The composition of the third sublayer 112 may vary broadly. In one embodiment, the third sublayer 112 is a substantially homogeneous mixture of YSZ and BSAS, mullite and/or alumina, and YSZ, with YSZ constituting up to 90 weight percent of sublayer 112.
Alternatively, sublayer 112 can be divided up into further discrete sublayers, each with a different composition of BSAS, mullite, YSZ and alumina, having varying ratios. In this second embodiment, the composition of the innermost surface of sublayer 112 contacting the BSAS sublayer 110 is BSAS-rich, preferably essentially BSAS, mullite and/or alumina, while the outermost surface of sublayer 112 contacting the YSZ top coat 114 is YSZ-rich, preferably essentially YSZ. The compositions between the innermost and outermost surfaces of sublayer 112 and than increasingly higher YSZ-content approaching the outermost sublayer.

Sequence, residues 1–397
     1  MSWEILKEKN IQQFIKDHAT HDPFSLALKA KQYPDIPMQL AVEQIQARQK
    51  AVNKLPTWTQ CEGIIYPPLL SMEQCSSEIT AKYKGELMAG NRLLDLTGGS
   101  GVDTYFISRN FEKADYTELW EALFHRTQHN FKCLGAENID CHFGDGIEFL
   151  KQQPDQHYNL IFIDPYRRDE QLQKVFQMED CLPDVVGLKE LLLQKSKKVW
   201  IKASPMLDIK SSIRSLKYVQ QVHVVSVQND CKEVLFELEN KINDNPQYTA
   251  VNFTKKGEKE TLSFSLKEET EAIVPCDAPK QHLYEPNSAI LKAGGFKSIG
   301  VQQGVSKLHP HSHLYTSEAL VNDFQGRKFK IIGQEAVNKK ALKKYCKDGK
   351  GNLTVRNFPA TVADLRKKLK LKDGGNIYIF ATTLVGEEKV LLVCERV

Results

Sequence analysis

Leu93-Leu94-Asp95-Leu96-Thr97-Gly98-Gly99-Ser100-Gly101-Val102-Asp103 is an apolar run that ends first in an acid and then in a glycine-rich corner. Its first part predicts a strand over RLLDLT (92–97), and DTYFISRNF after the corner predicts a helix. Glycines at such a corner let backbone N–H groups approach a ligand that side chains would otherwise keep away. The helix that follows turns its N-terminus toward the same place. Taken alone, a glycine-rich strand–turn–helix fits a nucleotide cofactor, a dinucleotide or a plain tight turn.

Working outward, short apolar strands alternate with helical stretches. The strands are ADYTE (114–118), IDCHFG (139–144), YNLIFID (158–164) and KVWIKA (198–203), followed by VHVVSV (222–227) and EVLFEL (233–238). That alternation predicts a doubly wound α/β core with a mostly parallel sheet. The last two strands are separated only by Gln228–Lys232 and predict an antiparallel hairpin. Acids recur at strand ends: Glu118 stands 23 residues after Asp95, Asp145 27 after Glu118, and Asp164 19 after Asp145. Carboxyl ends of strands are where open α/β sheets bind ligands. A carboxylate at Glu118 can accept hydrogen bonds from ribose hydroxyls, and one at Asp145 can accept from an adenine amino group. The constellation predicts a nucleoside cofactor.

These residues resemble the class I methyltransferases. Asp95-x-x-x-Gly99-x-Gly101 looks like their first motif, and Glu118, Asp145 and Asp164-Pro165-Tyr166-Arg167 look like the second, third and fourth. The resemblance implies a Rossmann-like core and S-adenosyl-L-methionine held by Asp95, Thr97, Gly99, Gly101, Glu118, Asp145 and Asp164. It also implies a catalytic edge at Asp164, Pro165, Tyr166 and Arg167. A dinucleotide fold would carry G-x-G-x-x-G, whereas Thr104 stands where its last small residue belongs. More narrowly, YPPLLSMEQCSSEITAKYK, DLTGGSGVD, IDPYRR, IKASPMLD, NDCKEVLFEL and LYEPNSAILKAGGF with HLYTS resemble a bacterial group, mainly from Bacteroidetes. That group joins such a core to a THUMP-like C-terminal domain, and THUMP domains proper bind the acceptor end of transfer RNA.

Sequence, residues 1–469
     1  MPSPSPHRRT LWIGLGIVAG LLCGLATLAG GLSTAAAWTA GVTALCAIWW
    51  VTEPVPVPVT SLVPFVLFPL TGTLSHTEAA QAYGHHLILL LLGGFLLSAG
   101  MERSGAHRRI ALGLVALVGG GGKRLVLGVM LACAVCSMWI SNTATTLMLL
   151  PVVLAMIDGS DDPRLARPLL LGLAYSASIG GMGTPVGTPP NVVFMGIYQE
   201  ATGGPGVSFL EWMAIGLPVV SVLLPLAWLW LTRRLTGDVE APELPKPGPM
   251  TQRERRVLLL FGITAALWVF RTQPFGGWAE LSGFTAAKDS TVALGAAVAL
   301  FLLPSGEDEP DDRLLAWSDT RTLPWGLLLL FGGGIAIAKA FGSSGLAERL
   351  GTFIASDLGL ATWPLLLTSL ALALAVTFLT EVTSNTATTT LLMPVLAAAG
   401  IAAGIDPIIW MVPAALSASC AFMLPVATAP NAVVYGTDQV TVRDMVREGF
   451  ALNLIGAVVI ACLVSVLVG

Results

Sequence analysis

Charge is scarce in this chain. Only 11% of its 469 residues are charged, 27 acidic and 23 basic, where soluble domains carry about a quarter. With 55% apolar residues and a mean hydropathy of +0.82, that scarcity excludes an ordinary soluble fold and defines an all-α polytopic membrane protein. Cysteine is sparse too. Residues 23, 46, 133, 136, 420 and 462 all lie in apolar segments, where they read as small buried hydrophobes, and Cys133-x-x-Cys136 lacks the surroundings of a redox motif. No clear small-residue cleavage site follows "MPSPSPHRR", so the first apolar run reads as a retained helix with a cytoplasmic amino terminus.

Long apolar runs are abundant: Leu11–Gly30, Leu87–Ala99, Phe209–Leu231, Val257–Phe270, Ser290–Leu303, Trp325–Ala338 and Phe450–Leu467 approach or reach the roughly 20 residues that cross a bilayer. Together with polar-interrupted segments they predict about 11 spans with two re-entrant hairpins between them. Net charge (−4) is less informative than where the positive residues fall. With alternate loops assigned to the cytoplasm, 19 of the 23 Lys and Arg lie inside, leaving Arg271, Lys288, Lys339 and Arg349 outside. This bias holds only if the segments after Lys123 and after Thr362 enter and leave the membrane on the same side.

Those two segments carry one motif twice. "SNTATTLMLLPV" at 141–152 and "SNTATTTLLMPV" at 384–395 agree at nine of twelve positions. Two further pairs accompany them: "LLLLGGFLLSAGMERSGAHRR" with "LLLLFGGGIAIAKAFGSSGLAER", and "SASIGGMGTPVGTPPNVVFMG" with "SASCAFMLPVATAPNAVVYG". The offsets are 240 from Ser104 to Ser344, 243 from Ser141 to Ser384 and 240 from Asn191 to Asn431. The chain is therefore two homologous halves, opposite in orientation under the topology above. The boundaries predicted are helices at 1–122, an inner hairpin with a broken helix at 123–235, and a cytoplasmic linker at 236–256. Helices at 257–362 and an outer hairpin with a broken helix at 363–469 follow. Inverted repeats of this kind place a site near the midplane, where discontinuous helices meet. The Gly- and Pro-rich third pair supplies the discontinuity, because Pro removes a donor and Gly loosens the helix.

In the third embodiment, third sublayer 112 has a graded composition, continuously changing from essentially all YSZ adjacent the YSZ topcoat 114 to essentially all BSAS, mullite and/or alumina adjacent the BSAS sublayer 110. In this embodiment, the YSZ-containing sublayer 112 has a decreasing concentration of BSAS, mullite and/or alumina and an increasing concentration of YSZ in a direction away from the BSAS sublayer 110. In combination, the higher concentration of BSAS, mullite and/or alumina adjacent the BSAS sublayer 110, that is, a higher volume fraction of BSAS, mullite and/or alumina, and the higher concentration of YSZ adjacent the YSZ top coat 114, that is a higher volume fraction of YSZ, serve to provide a gradually increasing CTE, with a minimum CTE adjacent the BSAS sublayer 110, which corresponds to that of BSAS sublayer 110, and a maximum CTE adjacent the YSZ top coat 114, which very closely matches the CTE of the YSZ top coat 114.